Disruptive Remedies for the Physician Shortage

Philip Betbeze, for HealthLeaders Media , October 25, 2012

"If there is a workforce that wants to be on call once or twice a month," he says, "hospitals will not have enough doctors to cover obstetrics and we will need participation between obstetricians and nurse midwives."

He says powerful people, and hospital and health system senior executives count among that number, have to force a national dialogue about how to address the problem, because the lack of coordination between accrediting bodies and funders of physician graduate medical education means they can't seem to find common ground.

"None of these agencies talks to each other. It's like if the Orlando Magic players all practiced in different gyms and then showed up to play together for games," he says. "We haven't solved the shortage because we haven't wanted to."

Hospital and health system leaders have the power to change that dynamic. But, Klasko says, they need to decide whether they really want to solve the physician shortage or whether they want it to continue to be used as an agenda item for self-interested medical societies to lobby for more funding. He says
physicians have to get over themselves, in a way, in recognizing that ceding some responsibilities to allied medical providers doesn't have to mean a shrinking reimbursement pie for physicians.

"The knee-jerk reaction from medical societies is that this is bad, but they're thinking about it in their old guild mentality," Klasko says.

Instead, they should be having a clinical discussion about what's appropriate for physicians to do, and what others can do safely and effectively.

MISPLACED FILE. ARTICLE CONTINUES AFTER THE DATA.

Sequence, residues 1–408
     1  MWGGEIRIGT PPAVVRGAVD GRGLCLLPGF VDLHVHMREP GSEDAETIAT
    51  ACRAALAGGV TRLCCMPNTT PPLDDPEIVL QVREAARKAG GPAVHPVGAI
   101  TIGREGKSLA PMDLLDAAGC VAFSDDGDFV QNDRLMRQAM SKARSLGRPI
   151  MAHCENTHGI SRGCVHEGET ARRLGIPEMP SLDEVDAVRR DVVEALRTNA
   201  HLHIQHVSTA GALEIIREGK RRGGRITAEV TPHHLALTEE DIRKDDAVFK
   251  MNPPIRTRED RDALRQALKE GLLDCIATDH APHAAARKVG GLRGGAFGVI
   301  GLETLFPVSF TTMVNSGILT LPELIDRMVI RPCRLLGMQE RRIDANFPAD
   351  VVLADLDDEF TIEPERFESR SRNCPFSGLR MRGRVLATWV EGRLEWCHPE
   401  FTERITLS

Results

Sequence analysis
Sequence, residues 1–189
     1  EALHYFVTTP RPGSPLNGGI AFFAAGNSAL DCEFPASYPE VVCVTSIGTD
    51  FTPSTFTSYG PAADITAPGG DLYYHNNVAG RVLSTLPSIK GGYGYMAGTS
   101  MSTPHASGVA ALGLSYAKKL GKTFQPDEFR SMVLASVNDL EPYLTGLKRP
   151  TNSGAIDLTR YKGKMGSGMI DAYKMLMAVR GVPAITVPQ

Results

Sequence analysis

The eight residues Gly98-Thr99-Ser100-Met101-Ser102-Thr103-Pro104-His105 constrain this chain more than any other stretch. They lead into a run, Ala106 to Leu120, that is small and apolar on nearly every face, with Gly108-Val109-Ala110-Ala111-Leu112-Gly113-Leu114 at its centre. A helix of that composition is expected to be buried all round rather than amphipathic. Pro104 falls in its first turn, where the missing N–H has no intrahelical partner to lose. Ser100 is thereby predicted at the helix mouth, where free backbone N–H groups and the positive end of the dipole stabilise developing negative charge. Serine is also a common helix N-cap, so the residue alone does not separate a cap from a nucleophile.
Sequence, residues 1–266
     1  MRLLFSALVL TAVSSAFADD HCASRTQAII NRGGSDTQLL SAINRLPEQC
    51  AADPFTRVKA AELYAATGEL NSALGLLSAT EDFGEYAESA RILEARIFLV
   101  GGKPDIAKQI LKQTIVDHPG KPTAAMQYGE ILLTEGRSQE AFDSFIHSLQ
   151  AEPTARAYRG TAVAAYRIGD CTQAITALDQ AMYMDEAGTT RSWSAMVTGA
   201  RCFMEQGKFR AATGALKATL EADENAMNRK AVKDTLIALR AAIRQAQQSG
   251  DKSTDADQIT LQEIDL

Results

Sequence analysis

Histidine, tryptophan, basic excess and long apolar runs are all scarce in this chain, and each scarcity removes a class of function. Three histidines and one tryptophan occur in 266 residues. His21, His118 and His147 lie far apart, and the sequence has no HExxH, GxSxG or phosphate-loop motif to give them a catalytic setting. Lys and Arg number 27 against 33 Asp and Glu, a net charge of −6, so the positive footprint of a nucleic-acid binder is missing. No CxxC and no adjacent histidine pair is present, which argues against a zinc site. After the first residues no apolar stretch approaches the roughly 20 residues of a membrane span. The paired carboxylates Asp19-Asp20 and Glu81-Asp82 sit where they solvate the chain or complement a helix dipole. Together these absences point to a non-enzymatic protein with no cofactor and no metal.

"Some of the medical societies are trying to block this," he says. "I've asked them, ‘What's your primary care strategy?' I'm often met with silence."

He says many hospitals that have never had a residency program could benefit by adding one, but that they face many issues in starting one, including the fact that their own physicians might not want to teach young doctors who will stay in the area to compete against them in the future. While having a residency program might differentiate a hospital, ensure a supply of future doctors, and improve its quality and safety record, establishing one is difficult, expensive, and potentially career-threatening.

"Part of the transition we're in requires that we all recognize there's a crisis and we have to transform," he says. "If you don't use residency to create a teamwork environment, don't be surprised when they get out and they don't act as a team."

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This article appears in the October 2012 issue of HealthLeaders magazine.

Philip Betbeze is senior leadership editor with HealthLeaders Media.
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1 comments on "Disruptive Remedies for the Physician Shortage"

david rollins (10/26/2012 at 1:24 PM)
There are four ways to fill physician positions in medically underserved areas. ? Expand medical school enrollments and establish more primary care residency programs. ? Raise the financial payments for primary care physicians. ? Open our doors to English speaking foreign physicians. ? Train local people, volunteers, to recruit physicians from the more popular U.S. locations where physicians tend to congregate to the less well known areas where there are few to none. The first two ways are ongoing but time and logistics are required to educate new physicians. The third would antagonize many groups of people and cause an exodus of physicians from our country's friends and neighbors. The fourth, the approach by Citizen-Volunteers Limited, is one that can be implemented immediately. Our vision is for each HPSA having too few primary care providers, high infant mortality, high poverty and/or high elderly population to have access to the physicians that they need. OUR MISSION IS TO ORGANIZE AND TRAIN LOCAL CITIZENS IN THESE HPSAS TO RECRUIT THEIR OWN PHYSICIANS. We are currently raising funds for our Beta Training program. David Rollins, Ex. Director/Founder




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